Modern development is possible by the collaboration of programmers and open source technologies. The key being open and free. The online communities that build the programs on which the companies from which the government seeks its talents are given away freely. But I imagine that blogging as a government official would be restrictive. You aren’t your own person at that point but held to your position as paid for the by the tax payers of America. But you can’t similarly demand the source code for tax paid products. Voting has been mentioned recently, where do I download that source code? How about the police speed guns or red light camera systems? Why is public funded research kept behind paywalls? EMOTPs don’t agree with that kind of double standard.

Every EMOTP that is discussed as being part of that successful crowd from which the government seeks to pull its talent took great risk to get into their positions. EMOTP is all about risk. Disruption requires risk. Uber is doing great having taken risks in circumventing laws around taxi services and succeeded. A recent healthcare startup is tanking after being valued highly but failed because of the risks around the industry they wanted to disrupt.  Taking risks in government just doesn’t happen. Every action is approved by committee before being started and even then it doesn’t work out often.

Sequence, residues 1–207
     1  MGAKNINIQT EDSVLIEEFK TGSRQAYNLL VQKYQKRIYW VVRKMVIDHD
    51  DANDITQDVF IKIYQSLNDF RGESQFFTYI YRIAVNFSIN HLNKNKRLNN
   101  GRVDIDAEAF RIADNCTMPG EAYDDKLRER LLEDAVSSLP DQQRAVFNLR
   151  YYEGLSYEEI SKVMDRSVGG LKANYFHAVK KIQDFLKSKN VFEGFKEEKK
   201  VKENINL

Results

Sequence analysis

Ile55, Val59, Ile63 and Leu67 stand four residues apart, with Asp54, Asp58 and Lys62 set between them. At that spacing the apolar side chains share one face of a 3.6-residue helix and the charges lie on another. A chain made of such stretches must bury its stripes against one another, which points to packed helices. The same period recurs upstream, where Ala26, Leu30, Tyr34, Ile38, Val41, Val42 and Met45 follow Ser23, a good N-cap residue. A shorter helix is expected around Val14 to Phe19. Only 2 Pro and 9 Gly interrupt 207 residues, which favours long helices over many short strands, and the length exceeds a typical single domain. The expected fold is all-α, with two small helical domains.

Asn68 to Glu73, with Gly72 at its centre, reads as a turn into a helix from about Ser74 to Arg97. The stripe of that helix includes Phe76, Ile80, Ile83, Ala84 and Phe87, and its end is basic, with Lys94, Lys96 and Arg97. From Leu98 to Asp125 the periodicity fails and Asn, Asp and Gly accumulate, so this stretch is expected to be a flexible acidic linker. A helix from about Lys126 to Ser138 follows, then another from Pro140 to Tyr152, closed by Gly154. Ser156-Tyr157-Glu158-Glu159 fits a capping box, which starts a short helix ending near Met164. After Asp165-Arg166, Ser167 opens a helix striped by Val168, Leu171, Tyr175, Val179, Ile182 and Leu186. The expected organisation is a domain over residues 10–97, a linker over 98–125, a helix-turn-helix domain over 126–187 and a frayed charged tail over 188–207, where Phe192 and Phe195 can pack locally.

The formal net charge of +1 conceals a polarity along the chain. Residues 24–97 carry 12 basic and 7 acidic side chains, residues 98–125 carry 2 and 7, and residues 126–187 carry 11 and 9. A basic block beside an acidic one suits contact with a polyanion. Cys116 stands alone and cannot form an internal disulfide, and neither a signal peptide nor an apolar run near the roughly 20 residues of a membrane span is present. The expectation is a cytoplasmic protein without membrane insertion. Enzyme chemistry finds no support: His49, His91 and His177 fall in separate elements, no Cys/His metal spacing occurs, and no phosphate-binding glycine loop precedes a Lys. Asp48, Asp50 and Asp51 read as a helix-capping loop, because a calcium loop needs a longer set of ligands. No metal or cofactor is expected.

Government is slow. Five years went by for the FBI Virtual Case File to end without releasing any product. They must have learned something and six years later Sentinel was released. One product in eleven years! Every company they list has much shorter product release cycles. I guess I don’t think the government needs to collect any EMOTPs at all. They should either outsource those projects to the American public or train a set of people that fit into their mold to become EMOTPs. How about the recent healthcare site debacle? Only after someone offered to work for a fraction of their pay at Google did it get sorted out.

They aren’t paying competitive rates. When it comes down to adjusted wages they aren’t offering as much as the other EMOTP hubs of America. Washington DC is damn expensive to live in and they need to open up remote work. It isn’t really even “remote” if you stay in the United States since the government is everywhere right? Open up more remote work positions and lay off the dress code requirements (I hear they did this). There is a long list of possible perks job seekers are looking for, flexible hours, remote work, purpose and transparency. I think you could argue that a government job provides purpose but unless you’re in the right position the bureaucracy will beat the EMOTP spirit right out of you.

There are plenty of reasons to not go working for the government. Their one-time monopoly on the technologies that were going to make the future possible has long since been lost. They don’t have a carrot that big to attract EMOTPs and being a public crusader don’t last long in the days and weeks that go by like a blur without releasing a product. They need to get specific, what are the big problems they seem to think only EMOTPs can solve? I think they need to continue outsourcing their technology work because they won’t get this talent they want. Or perhaps the other solution, which is to train their existing staff to do the job.